It’s as if we were living in a house and it burned to the ground. I’m not sure I ever stopped to make a list of what was left in the house, of what we lost. We moved into a new house, fully furnished — it was easier just to pretend everything was normal,” I processed out loud with my mentor. Learning of many friends who have also been displaced from their homes for an indefinite amount of time had pricked a sore spot in my heart. It was making me wonder if I had ever really grieved properly for the home — a whole world, really — that simply disappeared, vanished into vapors except for 6 suitcases and a handful of emails and text messages.
The world exists now only in my dreams and flashbacks or in the Instagram feeds of the friends that still lived there (until recently). Once, I had a dream so vivid that we’d purchased tickets to return and were preparing to go, hopeful we could find another apartment in the neighborhood we shared with wonderful neighbors, that it wasn’t until I was sipping my coffee and sleep’s fog began to lift that the truth began to sank in:
We don’t have visas. We don’t know if we would be able to get them. We probably can’t. We’re not going back.
That place that we called our home for 7 years, to us, is gone. Poof.
What is in the ashes? What if I could get into them and excavate more of the loss?
Among others …
The dream we had to live and work cross culturally, to love our neighbors, to raise our children as TCKs.
The community of Believers — expat and otherwise — that makes each other brave, that learns how to be vulnerable and become intimate, because it’s so clear that Jesus has made us Family.
The expats around me, particularly the ones in my neighborhood, who pursued me and my family, taught me, shared their time and resources and expertise with me, and chose to love me (and my family) unconditionally through some really rough times, personally.
The grandpas, the aunties, the waitresses, the shirtless cooks, the babies with their little booties peeking out from their split pants — the beautiful people who shone the image of God, with their smiles and greetings, their concern and delight in my babies, their curiosity about us as outsiders. The truth is, the Spirit had given me a strong premonition that our time overseas was coming to a close and this — smiling eyes and friendly greetings, wrinkled skin and methodic fans swatting mosquitos away, organized neighborhood dancing and tai qi — this often made my heart swell with love and joy and preemptive grief. The joy of being immersed in such a beautiful culture, made my heart long for heaven where we will fully see and enjoy how God made all peoples to reflect his beauty.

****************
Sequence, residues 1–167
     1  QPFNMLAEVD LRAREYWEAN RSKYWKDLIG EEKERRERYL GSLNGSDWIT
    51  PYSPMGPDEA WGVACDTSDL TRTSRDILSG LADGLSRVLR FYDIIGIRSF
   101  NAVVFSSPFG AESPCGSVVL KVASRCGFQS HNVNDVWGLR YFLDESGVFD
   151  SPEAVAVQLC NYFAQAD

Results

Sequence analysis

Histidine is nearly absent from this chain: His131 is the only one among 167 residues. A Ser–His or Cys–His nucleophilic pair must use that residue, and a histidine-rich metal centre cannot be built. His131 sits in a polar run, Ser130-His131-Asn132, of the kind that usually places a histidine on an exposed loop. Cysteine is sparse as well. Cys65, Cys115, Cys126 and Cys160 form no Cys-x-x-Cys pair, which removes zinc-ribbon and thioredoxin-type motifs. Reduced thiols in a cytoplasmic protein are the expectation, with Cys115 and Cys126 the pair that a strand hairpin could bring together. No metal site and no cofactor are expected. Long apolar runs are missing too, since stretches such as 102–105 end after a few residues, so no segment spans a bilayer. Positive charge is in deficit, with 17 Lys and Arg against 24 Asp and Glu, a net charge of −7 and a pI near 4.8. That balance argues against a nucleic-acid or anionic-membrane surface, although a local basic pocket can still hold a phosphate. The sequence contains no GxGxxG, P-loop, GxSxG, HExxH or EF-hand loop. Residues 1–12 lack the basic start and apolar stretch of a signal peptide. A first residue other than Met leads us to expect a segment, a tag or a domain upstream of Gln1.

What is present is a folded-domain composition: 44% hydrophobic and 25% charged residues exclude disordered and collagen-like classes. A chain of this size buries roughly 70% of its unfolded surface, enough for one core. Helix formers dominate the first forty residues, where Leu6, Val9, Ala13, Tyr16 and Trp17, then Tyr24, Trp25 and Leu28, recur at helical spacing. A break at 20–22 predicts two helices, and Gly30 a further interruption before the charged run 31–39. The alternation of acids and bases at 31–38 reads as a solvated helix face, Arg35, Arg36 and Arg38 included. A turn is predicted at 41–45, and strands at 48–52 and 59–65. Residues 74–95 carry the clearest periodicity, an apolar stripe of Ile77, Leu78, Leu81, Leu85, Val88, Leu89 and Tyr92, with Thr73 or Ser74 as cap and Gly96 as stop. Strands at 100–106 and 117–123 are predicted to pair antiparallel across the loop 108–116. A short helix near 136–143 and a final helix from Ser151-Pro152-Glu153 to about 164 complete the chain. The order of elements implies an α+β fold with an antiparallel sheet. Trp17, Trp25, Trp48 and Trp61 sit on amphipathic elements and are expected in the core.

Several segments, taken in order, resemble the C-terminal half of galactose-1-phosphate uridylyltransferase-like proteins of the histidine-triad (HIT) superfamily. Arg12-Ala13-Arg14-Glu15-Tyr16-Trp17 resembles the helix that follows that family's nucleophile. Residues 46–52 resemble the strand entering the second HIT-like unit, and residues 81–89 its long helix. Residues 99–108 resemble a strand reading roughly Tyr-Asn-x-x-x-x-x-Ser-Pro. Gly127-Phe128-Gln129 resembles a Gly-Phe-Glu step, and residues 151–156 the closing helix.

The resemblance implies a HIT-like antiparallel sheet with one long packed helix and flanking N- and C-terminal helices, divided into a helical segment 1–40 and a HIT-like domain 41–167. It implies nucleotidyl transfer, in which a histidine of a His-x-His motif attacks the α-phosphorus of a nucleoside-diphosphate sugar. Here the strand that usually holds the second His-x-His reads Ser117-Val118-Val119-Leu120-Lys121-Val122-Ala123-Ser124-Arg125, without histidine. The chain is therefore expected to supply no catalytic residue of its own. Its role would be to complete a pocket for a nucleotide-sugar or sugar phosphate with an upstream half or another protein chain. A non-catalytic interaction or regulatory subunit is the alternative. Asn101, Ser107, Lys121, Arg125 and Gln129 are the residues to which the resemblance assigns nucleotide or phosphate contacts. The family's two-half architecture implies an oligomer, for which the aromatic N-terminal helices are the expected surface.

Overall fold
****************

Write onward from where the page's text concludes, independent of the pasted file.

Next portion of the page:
I loved that place. I loved living there. I adored its people and culture. (And sometimes things there made me so angry and violated and confused that I felt I hated it all. Both are true.)
That place as our home, the world as we inhabited, is vapor and ashes.
It is sad.
It is also a very hard and normal part of this fallen world.
“For you were made from dust, and to dust you will return.” Genesis 3:19
So much a normal part of this fallen world, that the reason I am thinking so much about this right now is because a similar thing is happening again right now.
This year is a year of transition for us —knowingly stepping into housing and jobs and community all for about 10 months. Now, we do the job from home, see the community only virtually, and Jubi may never need to step foot in her school again (though the thought that we could is a comforting one). A whole season of life, albeit a short one, vaporizing before our eyes. Again.
It’s disorienting and heart-breaking. It is right and good to grieve.
But we do not grieve as those who don’t have no hope (1 Thessalonians 4:13). The God who formed us in our mothers’ wombs, re-forms us through Jesus. In Jesus’ name, the blind see, the lame walk, the lepers are cured, the deaf hear, the dead are raised to life, the Good News is preached to the poor (Matthew 11:4).
Not only do we hope in the day God makes all things new and death, sickness, and loneliness will be vanquished, we have an Emmanuel God who is making us new right now (yes, even right now). He understands what it’s like to leave his home with all its comforts, to feel isolation and loneliness. He is near and He is the friend for whom we all long.
Here, our homes eventually turn to ashes, as do our dreams and our bodies. But the God who made it all from dust, his word, and breath stands forever and works all things for his glory and our good until the day He’ll re-make us to live forever out in Heavenly home. Until then, He holds us by the hand, directs our steps, delights in every detail of our lives (Psalm 37:24).